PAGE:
Marusya Bociurkiw

Associate Professor
RCC 106

Marusya Bociurkiw is professor media theory in the RTA School of Media at Ryerson University in Toronto. She's also a media artist, award-winning writer, and blogger. She received  her Ph.D. In Interdisciplinary Studies, with a focus on cultural studies, from the University of British Columbia. She has an M.A. in Social & Political Thought from York and a B.F.A. from Nova Scotia College of Art & Design.  Her articles, essays and reviews have appeared in many academic, arts and activist journals and books: notably, in Canadian Journal of Communications and in the edited collection, Programming Reality: Perspectives on English Canadian Television. She is the author of four literary books, and has been producing films and videos in Canada for the past fifteen years. Her films have screened at film festivals, art house cinemas and universities around the world. Her latest book is on Canadian Television, Feeling Canadian: Nationalism, Affect and Television (Wilfred Laurier University Press: 2011). Marusya's research interests include Canadian television, affect theory, nationalist discourses, community cable, media activism, sexuality & gender studies.

Recent Publications: 


  • Feeling Canadian: Affect, Nationalism & Television Wilfred Laurier University Press, 2011.
  • Comfort Food for Breakups: The Memoir of a Hungry Girl Arsenal Pulp Press, Vancouver. 2007.
  • The Children of Mary Inanna Publications, Toronto. 2006. Novel.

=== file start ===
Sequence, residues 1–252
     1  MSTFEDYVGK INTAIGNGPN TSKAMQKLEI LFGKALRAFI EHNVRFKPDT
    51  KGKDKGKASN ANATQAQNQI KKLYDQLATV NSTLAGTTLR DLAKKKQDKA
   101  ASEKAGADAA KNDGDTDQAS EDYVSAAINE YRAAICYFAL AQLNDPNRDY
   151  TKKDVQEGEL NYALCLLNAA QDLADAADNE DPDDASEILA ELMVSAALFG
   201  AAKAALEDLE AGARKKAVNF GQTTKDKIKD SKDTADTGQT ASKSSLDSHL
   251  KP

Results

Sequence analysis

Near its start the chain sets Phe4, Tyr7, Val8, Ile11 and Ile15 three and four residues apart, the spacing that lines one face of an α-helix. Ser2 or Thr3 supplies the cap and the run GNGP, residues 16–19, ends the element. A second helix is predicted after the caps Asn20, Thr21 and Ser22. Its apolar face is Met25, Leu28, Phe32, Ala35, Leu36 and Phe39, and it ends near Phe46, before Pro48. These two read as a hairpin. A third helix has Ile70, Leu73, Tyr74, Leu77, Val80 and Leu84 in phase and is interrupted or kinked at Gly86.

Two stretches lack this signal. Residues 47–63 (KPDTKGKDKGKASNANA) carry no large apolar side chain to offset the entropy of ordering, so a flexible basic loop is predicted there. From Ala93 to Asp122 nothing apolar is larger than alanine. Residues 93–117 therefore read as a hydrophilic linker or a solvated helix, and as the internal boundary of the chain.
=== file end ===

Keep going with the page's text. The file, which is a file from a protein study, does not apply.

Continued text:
Articles & Book Chapters:

  • “Making Do With Icons”, Anti-Hero Trinity Square Video Exhibition Catalogue, March 2010. Print.
  • “Wild Thing: HDTV and the Demasculinized Male Viewer”, In Media Res, Digital Television Theme Week, October 5-9, 2009. []. Online.
  • “Put on your bunny ears, take your TV around the block: Old and New Discourses of Gender and Nation in Mobile, Digital, and HDTV” Canadian Journal of Communications, Vol 33 (2008) 537-544. Refereed. Print.
  • “Whose Child Am I? The Quebec Referendum and Languages of Affect and the Body”, in Druick, Zoe and Kotsopoulos, Anastasia eds., Programming Reality: Perspectives on English Canadian Television, Wilfred Laurier University Press, 2008. 129-145. Print.
  • “It’s Not About the Sex: Racialized Queerness in ‘Ellen’ and ‘The Ellen Degeneres Show’”, Canadian Woman Studies Journal, Winter 2005. 176-181. Refereed. Print
  • “Homeland (In) Security: Roots and Displacement from New York to Toronto to  Salt Lake City”, Reconstruction: An Interdisciplinary Cultural Studies Journal, Summer 2003, Vol. 3 #3.